I am in favor of doing immigration reform, but it should be done in the proper fashion…. [T]he 11 million, I think, are never going home, don’t need to be sent home, and I would incorporate them into our society by giving them work visas and making them taxpayers.
– Senator Rand Paul
As much as we can agree that a solution must be accomplished in a “proper fashion,” a solution need not include work visas, much less giving away U.S. citizenship to illegals. Rather, a more balanced approach would entail the lawful creation of a new class of Green Card, one that *permanently excludes any future eligibility for U.S. citizenship*.
This would be a new type of Green Card. Presently, Green Cards permit eligibility to apply for citizenship. This new kind of “no citizenship ever” Green Card is a great boon – an unmerited one – to illegals:
- Lawful permanent stay in the U.S.,
- Ability to travel into the U.S.,
- Eligibility to enter the U.S. after foreign travel,
- Retention of home citizenship, and
- Varying eligibility for federally-funded entitlements, depending on program requirements.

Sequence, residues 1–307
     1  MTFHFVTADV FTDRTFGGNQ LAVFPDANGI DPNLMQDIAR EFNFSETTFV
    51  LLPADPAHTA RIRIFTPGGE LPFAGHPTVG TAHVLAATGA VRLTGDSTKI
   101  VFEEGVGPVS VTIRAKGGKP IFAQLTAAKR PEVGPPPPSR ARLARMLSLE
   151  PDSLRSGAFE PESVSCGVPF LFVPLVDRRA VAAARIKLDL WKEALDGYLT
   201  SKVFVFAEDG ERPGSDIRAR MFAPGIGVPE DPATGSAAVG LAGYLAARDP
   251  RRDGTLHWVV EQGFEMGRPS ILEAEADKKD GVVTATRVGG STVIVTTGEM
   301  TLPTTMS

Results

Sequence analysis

Under “no citizenship ever” Green Cards:
- Rule-breakers are not ever rewarded with U.S. citizenship, but get to stay permanently as Green Card holders.
- As Green Card holders, the illegal are not eligible to vote in most elections. Some small local elections permit Green Card holders to vote, but they’re rare exceptions.
- Green Card holders who at any point end-up with convictions for “crimes of moral turpitude” or “aggravated felonies” are deportable from the U.S. It’s nice to know that anyone in this population can be deported under law.
So, “no citizenship ever” Green Cards would have some very real limits attached to them.
Creating “no citizenship ever” Green Cards would require an act of Congress signed by the President; y’know, just like in the Constitution.
Already, I can hear the Liberal push-back. Here are some responses to anticipated objections:
- “‘No citizenship ever’ Green Cards would result in a new underclass of people with legal status but limited rights.” Yeah. Too bad. Illegals would be gaining a *permanent* immigration benefit instead of deportation; that’s a pretty good deal.
- “But it’s not U.S. citizenship, and that’s what we want!” Well, again, too bad. Under a “no-citizenship-ever” Green Card, illegals would get the above mentioned benefits, despite the fact that they’re law-breakers. The U.S. does not owe illegals anything. They never should have been physically present in the U.S., nor working in the U.S.
- “You claim rights for yourself because you happened to hatch out of your egg north of the Rio Grande?” That’s right. Because these are the privileges and immunities of U.S. citizenship. Other nations have theirs. Illegals and their advocates presume to show-up in the U.S. and demand U.S. benefits despite the illegals’ ineligibility. Well, that’s the way that national sovereignty works.